Dermatologists Say Your Anti-Aging Skin Care Routine Is Missing This Crucial Step

Plus vetted products to shop.

Edward Berthelot / Contributor/ Getty Images
woman wearing a crop top showing body skin

For many, the skin on their face hogs all the attention while the skin on their body gets a mere one-over of body wash in the shower and a slather of SPF when outdoors (and even that can be a stretch). The truth is, though, that taking care of your skin everywhere is just as important as taking care of your face alone, and while you can’t necessarily stop premature aging in its tracks, you can certainly slow down the process if you take the proper anti-aging skin care precautions. Common issues you may face as your body skin ages are crepeypness on the neck, sun spots on the hands, and general loss of collagen on areas like your chest, arms, and legs.

As board-certified dermatologist Dr. Geeta Yadav of Facet Dermatology explains, “collagen starts to deteriorate in our late 20s and becomes more and more noticeable as we age, but then you have to consider the fact that bad habits (such as smoking, unprotected exposure to UV, and environmental factors like pollution) can all accelerate the collagen breakdown.” Thankfully, it’s easy to make any body care routine an anti-aging body care routine. All it takes is using quality ingredients and a few simple tweaks on your part.

Below, TZR is breaking down nine expert-backed anti-aging body care tips for you to incorporate into your total body skin care routine. Plus, shop quality products that have premature aging on the forefront of their formulas.

1. Use A Hyaluronic Acid Moisturizer On The Neck

If your skin leans dry, chances are you’re already familiar with the plumping and hydrating benefits of a hyaluronic acid product. According to Dr. Yadav, when you combine the skin’s natural aging process with actions like frequently looking down at your phone or tablet, you’re likely to experience fine lines, wrinkles, and crepeypness on the neck. While not an anti-aging ingredient per se, hyaluronic acid (a humectant) is a top contender when it comes to tackling these side effects, working to attract moisture and draw it into the skin, says Dr. Yadav. The result is a plumper, smoother, and firmer-looking complexion. Look for a serum or face cream that makes use of the ingredient, and also try your best to bring your electronic devices to eye level (versus looking down, which can cause folds on the neck, aka tech neck).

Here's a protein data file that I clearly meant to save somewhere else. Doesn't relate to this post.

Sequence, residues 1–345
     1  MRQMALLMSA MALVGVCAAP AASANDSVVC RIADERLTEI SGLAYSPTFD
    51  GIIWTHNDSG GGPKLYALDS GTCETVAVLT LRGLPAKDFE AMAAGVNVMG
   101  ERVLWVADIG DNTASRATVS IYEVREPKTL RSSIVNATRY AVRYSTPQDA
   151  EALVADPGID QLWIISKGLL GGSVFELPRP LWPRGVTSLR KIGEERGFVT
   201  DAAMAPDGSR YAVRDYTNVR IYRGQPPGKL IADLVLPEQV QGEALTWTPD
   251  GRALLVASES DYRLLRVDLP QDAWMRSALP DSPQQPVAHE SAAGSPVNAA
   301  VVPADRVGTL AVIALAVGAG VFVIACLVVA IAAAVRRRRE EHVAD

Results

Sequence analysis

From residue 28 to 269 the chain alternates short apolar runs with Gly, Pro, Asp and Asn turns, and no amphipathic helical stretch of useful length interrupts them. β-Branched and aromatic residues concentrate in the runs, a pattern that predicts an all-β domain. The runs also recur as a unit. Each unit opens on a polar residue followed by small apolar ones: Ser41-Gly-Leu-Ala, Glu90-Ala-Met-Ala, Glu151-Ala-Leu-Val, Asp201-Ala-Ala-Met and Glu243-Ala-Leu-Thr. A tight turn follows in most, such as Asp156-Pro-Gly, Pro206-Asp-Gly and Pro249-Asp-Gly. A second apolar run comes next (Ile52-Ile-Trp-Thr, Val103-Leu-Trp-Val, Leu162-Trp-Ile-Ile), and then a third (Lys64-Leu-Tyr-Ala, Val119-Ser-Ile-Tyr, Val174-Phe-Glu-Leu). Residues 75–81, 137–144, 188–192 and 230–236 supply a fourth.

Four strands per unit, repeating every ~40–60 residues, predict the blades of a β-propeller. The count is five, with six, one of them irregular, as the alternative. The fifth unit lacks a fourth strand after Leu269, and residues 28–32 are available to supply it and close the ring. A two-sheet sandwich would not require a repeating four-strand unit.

2. Exfoliate Regularly

The skin-brightening results you get from exfoliating your face? Your body deserves that love too. “As we age, the natural exfoliation process slows down, which can leave the skin looking dull and lackluster,” explains board-certified dermatologist Dr. Brendan Camp. “Facilitating the exfoliation process keeps skin looking youthful and vibrant — it may also reduce the appearance of fine lines, wrinkles, and dark spots (hyperpigmentation).”

If you have sensitive skin or are prone to bacne, opt for a chemical exfoliator that uses AHAs or BHAs. Dr. Camp says these tend to be more gentle on the skin than physical exfoliators, as they utilize acids to break apart dead skin cells and flush them from the skin surface. If your skin can handle it, opt for a physical exfoliant, which tends to be more abrasive thanks to their gritty texture. You can also manually exfoliate your body with exfoliating gloves — these are typically made from a coarse woven fabric that can be used with shower gel to cleanse and exfoliate at the same time, notes Dr. Camp.

3. Lighten Sunspots With Vitamin C

Sun spots are grim reminders of under-protected skin and sun exposure and often increase in number as we age. They’re characterized by small, dark spots on the skin, and often appear on areas that are frequently exposed to the sun such as the hands, face, and shoulders. That’s where vitamin C products come in. “Vitamin C acts as an antioxidant, which means it neutralizes unstable oxygen molecules that develop as a result of exposure to UV radiation,” explains Dr. Camp. “These free oxygen radicals, as these molecules are called, can be damaging to cellular structures like DNA, lipids, and proteins, but vitamin C helps address exposure-related changes by treating dark spots.” Try a vitamin C-infused cream for your hands or serum for your body if you’re dealing with dark spots.

4. Wear SPF

Most of the aging process that occurs in your 30s, 40s, and 50s is from cumulative sun damage that occurred as an adolescent. Translation: Although you may not see the negative impact of premature aging when you’re young, board-certified dermatologist Dr. Stefani Kappel warns it will catch up eventually. “The rate in which we age is influenced by skin type, genetics, and amount of sun exposure and environmental damage,” says Dr. Kappel. So while there may be factors working against you when it comes to your skin type and genetics, you can still keep your body protected by wearing adequate protection and avoiding unnecessary exposure.